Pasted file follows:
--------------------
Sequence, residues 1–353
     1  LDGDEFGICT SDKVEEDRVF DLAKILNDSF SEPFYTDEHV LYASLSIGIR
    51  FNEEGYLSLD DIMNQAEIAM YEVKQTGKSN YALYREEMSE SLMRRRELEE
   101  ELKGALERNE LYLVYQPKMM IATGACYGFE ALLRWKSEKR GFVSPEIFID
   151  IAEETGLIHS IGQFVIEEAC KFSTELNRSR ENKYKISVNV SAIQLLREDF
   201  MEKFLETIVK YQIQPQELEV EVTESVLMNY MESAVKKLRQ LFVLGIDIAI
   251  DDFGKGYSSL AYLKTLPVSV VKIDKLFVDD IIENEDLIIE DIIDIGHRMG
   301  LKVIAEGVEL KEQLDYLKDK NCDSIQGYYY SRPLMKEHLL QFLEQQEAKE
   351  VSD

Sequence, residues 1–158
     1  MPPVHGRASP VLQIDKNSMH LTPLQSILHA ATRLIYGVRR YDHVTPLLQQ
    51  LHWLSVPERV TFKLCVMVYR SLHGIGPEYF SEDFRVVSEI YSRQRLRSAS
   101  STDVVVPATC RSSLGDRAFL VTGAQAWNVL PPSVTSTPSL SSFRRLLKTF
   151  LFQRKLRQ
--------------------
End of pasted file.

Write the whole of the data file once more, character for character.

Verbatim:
Sequence, residues 1–353
     1  LDGDEFGICT SDKVEEDRVF DLAKILNDSF SEPFYTDEHV LYASLSIGIR
    51  FNEEGYLSLD DIMNQAEIAM YEVKQTGKSN YALYREEMSE SLMRRRELEE
   101  ELKGALERNE LYLVYQPKMM IATGACYGFE ALLRWKSEKR GFVSPEIFID
   151  IAEETGLIHS IGQFVIEEAC KFSTELNRSR ENKYKISVNV SAIQLLREDF
   201  MEKFLETIVK YQIQPQELEV EVTESVLMNY MESAVKKLRQ LFVLGIDIAI
   251  DDFGKGYSSL AYLKTLPVSV VKIDKLFVDD IIENEDLIIE DIIDIGHRMG
   301  LKVIAEGVEL KEQLDYLKDK NCDSIQGYYY SRPLMKEHLL QFLEQQEAKE
   351  VSD

Sequence, residues 1–158
     1  MPPVHGRASP VLQIDKNSMH LTPLQSILHA ATRLIYGVRR YDHVTPLLQQ
    51  LHWLSVPERV TFKLCVMVYR SLHGIGPEYF SEDFRVVSEI YSRQRLRSAS
   101  STDVVVPATC RSSLGDRAFL VTGAQAWNVL PPSVTSTPSL SSFRRLLKTF
   151  LFQRKLRQ